We Never Talk About My Brother by Peter S. Beagle (best known for The Last Unicorn which was also made an animated film) is a collection of short stories about a myriad of topics. Beagle is a master of short stories, and if you haven’t read him, you should (according to the staff member who recommends his work). If you don’t want a short story, try Tamsin or The Last Unicorn, also by Beagle.
“Modern parables of love, death, and transformation are peppered with melancholy in this extraordinary collection of contemporary fantasy. Each short story cultivates a whimsical sense of imagination and reveals a mature, darker voice than previously experienced from this legendary author.
In one tale the Angel of Death enjoys newfound celebrity while moonlighting as an anchorman on the network news, while in another the shortsighted ruler of a gentle realm betrays himself in dreaming of a “manageable war.” Further storylines include an American librarian who discovers that, much to his surprise and sadness, he is the last living Frenchman, and rivals in a supernatural battle who decide to forgo pistols at dawn, choosing instead to duel with dramatic recitations of terrible poetry.
Featuring several previously unpublished stories alongside a bevy of recently released works, this haunting compilation is appealing to both genre readers and mainstream literature lovers.
Includes “By Moonlight,” Locus Award-winner for Best Novelette.”–Taken from Goodreads.com .
You’ve never seen a story about growing up quite like this. Man Made Boy is about Boy, the son of Frankenstein’s Monster and the Bride. It has monsters, the epitamy of misunderstood, questions about good and evil, mistakes, crazy families, love, and growing up. Our staff member said it’s well worth staying up late to finish, and we believe her.
“Sixteen-year-old Boy’s never left home. When you’re the son of Frankenstein’s monster and the Bride, it’s tough to go out in public, unless you want to draw the attention of a torch-wielding mob. And since Boy and his family live in a secret enclave of monsters hidden under Times Square, it’s important they maintain a low profile.
Boy’s only interactions with the world are through the Internet, where he’s a hacker extraordinaire who can hide his hulking body and stitched-together face behind a layer of code. When conflict erupts at home, Boy runs away and embarks on a cross-country road trip with the granddaughters of Jekyll and Hyde, who introduce him to malls and diners, love and heartbreak. But no matter how far Boy runs, he can’t escape his demons—both literal and figurative—until he faces his family once more.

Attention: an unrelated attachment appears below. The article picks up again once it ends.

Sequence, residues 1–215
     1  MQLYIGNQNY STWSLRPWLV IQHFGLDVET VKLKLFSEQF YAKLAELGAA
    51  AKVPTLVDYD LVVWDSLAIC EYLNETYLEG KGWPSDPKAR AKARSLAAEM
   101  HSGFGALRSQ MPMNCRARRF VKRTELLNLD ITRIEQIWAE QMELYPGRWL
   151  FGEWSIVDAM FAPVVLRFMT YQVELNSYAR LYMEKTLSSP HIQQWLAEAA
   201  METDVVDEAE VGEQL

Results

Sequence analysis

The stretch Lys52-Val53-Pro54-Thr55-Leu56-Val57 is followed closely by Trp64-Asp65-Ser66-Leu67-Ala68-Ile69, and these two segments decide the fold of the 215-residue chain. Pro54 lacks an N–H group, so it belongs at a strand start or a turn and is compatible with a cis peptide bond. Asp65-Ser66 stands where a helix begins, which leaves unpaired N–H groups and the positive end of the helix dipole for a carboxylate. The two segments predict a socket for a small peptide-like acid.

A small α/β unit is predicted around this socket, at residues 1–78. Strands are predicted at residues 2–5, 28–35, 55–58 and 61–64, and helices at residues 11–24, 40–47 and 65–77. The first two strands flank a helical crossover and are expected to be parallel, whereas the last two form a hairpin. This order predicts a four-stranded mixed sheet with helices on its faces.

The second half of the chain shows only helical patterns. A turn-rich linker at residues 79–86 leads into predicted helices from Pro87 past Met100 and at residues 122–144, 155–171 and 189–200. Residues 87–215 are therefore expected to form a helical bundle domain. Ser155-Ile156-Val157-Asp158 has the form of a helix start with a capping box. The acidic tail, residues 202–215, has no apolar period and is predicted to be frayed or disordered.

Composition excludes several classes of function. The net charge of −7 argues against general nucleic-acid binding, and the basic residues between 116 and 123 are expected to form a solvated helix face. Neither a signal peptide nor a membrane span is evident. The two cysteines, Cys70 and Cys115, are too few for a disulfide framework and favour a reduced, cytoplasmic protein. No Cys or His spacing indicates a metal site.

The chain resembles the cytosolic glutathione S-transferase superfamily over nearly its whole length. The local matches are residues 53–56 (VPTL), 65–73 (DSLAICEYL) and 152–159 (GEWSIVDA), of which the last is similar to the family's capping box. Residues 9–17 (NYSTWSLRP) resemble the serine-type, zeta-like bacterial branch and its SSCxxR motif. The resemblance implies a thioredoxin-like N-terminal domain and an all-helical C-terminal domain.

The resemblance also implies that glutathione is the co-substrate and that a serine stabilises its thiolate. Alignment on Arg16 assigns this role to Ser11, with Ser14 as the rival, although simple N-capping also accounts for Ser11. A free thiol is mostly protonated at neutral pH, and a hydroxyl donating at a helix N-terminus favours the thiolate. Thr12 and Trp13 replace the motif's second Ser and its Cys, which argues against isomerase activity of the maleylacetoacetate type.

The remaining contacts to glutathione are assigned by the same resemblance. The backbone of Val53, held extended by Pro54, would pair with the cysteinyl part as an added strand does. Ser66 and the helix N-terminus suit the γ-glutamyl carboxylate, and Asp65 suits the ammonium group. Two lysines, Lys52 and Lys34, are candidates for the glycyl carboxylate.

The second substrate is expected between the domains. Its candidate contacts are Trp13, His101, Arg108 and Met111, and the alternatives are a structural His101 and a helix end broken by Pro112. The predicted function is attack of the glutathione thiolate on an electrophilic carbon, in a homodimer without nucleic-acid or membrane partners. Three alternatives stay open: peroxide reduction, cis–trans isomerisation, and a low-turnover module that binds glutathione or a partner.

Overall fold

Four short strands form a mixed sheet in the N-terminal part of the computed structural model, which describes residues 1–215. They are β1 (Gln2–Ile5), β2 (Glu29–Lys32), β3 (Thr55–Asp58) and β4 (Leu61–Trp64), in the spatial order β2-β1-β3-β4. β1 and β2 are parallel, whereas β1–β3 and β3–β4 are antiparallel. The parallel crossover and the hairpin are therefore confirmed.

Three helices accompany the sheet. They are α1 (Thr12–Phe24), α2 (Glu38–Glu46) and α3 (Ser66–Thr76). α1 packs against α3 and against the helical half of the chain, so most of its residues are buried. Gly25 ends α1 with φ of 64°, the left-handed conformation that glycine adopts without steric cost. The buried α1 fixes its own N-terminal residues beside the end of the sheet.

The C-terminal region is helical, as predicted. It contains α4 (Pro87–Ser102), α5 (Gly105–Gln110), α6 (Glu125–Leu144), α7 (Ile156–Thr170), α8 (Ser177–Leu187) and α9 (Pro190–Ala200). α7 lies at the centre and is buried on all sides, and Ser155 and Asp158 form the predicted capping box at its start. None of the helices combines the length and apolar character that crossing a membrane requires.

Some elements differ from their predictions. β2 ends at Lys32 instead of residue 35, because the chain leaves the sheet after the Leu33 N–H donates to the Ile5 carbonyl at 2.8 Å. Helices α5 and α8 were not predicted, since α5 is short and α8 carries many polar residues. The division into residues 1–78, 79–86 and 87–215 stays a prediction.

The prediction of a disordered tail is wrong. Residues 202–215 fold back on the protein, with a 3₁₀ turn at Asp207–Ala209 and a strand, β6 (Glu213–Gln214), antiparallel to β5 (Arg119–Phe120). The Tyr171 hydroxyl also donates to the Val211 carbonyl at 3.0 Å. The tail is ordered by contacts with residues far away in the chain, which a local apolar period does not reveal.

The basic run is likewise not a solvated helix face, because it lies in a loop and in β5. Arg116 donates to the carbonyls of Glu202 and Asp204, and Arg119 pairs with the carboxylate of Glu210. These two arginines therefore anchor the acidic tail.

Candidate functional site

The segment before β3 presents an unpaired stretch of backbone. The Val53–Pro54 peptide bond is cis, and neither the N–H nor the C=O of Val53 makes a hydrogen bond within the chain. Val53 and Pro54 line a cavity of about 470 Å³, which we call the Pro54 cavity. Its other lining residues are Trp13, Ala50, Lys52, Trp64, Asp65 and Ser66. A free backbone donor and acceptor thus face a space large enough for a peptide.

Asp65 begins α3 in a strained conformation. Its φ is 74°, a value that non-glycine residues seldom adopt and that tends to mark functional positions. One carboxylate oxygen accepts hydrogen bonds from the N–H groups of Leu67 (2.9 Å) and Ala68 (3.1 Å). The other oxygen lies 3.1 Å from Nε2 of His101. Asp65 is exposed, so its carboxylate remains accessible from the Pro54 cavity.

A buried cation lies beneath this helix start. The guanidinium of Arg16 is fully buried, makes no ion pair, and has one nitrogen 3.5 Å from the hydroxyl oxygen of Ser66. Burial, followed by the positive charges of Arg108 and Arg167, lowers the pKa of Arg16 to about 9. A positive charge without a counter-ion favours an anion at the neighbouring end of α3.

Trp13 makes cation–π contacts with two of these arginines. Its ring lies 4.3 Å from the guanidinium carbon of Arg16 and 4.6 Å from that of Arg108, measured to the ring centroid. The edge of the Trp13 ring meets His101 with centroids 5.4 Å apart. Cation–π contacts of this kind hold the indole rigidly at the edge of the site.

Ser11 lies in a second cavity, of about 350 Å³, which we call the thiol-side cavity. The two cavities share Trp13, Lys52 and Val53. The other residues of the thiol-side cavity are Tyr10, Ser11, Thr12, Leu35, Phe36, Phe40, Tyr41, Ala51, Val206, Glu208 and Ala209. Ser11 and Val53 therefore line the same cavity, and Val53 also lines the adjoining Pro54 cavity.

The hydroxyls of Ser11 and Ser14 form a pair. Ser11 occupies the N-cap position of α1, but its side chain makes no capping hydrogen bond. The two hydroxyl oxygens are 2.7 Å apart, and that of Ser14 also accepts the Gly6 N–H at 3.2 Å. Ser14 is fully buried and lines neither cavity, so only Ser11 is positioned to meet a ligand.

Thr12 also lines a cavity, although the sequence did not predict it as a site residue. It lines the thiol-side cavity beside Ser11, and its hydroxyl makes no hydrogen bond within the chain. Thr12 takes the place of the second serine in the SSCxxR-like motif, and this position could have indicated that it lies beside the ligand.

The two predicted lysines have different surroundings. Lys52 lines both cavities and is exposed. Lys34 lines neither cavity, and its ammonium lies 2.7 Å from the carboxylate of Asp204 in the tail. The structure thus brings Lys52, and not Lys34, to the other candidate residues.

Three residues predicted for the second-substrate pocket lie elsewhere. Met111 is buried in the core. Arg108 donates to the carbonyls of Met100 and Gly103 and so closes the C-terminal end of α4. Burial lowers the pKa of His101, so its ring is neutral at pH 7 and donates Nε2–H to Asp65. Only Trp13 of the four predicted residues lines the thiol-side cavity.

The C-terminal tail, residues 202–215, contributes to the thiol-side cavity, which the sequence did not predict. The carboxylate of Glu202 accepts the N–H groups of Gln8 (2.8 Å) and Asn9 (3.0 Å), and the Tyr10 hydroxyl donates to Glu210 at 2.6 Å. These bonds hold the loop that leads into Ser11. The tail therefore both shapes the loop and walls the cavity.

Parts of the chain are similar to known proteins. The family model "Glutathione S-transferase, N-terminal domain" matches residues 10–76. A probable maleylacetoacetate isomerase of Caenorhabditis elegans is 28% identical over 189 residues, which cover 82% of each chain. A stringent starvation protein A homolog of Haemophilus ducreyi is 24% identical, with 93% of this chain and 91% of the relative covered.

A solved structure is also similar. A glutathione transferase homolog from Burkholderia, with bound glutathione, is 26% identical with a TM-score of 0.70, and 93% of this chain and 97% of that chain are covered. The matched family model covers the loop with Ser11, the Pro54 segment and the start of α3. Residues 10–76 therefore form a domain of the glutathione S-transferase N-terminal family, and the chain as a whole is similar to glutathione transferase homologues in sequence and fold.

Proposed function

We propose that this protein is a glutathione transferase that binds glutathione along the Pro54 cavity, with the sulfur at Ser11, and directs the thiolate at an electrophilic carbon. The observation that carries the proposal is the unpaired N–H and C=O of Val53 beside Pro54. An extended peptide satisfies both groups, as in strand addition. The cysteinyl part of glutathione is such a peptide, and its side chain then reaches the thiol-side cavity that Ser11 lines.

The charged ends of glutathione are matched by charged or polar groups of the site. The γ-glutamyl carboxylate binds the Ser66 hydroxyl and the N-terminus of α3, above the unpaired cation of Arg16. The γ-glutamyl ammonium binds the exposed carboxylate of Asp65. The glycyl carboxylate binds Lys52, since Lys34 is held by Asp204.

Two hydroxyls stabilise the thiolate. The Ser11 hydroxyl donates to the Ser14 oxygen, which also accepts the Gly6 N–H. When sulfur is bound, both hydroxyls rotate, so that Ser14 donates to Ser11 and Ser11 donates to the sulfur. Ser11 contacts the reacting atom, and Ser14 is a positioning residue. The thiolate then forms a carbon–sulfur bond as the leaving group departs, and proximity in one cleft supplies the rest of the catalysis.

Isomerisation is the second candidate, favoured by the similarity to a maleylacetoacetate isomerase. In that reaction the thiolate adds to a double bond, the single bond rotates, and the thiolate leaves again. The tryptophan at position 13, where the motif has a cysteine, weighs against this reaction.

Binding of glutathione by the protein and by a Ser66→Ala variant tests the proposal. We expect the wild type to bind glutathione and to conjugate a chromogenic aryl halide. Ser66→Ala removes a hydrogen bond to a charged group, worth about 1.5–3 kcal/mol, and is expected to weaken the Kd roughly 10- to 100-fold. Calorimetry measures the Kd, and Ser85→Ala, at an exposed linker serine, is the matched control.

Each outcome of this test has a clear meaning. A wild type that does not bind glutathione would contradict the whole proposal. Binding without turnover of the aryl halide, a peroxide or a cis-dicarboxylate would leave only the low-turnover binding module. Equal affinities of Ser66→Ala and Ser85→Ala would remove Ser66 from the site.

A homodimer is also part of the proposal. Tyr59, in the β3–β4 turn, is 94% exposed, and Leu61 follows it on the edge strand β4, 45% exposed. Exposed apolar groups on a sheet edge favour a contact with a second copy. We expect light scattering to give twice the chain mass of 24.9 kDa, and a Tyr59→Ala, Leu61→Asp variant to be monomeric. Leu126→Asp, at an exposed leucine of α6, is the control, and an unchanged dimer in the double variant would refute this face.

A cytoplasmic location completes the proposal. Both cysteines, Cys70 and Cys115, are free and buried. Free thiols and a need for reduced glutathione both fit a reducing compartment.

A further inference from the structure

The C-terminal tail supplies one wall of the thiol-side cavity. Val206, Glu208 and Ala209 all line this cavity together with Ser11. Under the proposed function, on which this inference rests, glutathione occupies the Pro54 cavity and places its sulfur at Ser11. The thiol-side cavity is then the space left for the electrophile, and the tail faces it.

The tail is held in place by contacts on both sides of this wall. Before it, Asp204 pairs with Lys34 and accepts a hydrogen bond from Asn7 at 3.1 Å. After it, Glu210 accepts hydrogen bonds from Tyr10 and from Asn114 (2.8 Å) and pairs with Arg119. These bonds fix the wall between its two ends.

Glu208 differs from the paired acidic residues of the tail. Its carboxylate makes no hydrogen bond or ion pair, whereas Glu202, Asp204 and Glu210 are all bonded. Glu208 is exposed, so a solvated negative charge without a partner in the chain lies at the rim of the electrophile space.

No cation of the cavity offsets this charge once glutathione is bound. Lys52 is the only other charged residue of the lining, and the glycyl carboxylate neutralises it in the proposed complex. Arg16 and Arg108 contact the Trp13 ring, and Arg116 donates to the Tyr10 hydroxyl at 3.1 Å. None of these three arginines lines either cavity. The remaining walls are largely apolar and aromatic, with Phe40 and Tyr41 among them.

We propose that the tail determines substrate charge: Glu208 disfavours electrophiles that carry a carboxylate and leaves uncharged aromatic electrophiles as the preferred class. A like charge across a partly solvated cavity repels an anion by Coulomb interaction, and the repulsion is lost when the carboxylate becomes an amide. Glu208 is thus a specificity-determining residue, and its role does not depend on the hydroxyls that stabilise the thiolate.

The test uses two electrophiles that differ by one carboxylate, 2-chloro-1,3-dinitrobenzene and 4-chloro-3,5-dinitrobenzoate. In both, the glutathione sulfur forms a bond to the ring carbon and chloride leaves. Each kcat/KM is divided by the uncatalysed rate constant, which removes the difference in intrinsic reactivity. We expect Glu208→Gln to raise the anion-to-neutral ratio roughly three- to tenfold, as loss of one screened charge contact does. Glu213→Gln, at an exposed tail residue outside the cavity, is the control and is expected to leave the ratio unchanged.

This hilarious, romantic, and wildly imaginative tale redefines what it means to be a monster—and a man.”–Taken from Goodreads.com
It’s summer, and that means it’s time to get dirty. While we have lots of books about hiking, exploring, how to navigate and identify things in the woods from insects to trees to snakes, sometimes all you have is a smartphone. There are lots of great apps for outdoor learning out there, and here are some lists to get you going (there are far more than what we’ve found, we’re sure). From Commonsensemedia.org, Open Education, and the User Generated Education blog. The image above is taken from EEWeek.org which is a great website about outdoor learning you should explore.
Have fun this summer and don’t forget you can find out more about all the cool stuff you discover in the library! And don’t forget that books you read on birds, foxes and bugs count towards summer reading (and go well with our science and discovery theme)!
This week’s staff pick is the award winning “The Universe Versus Alex Woods” by Gavin Extence. It’s a literally laugh out loud and cry book, and appropriate for teenagers to 100+. It’s got a little bit of science (perfect for this summer’s reading program themes), Vonnegut, and a whole lot of crazy adventure making this a great read for just about everyone.
“A rare meteorite struck Alex Woods when he was ten years old, leaving scars and marking him for an extraordinary future. The son of a fortune teller, bookish, and an easy target for bullies, Alex hasn’t had the easiest childhood. But when he meets curmudgeonly widower Mr. Peterson, he finds an unlikely friend. Someone who teaches him that that you only get one shot at life. That you have to make it count.
So when, aged seventeen, Alex is stopped at customs with 113 grams of marijuana, an urn full of ashes on the front seat, and an entire nation in uproar, he’s fairly sure he’s done the right thing …
Introducing a bright young voice destined to charm the world, The Universe Versus Alex Woods is a celebration of curious incidents, astronomy and astrology, the works of Kurt Vonnegut and the unexpected connections that form our world. “–Summary taken from Goodreads.com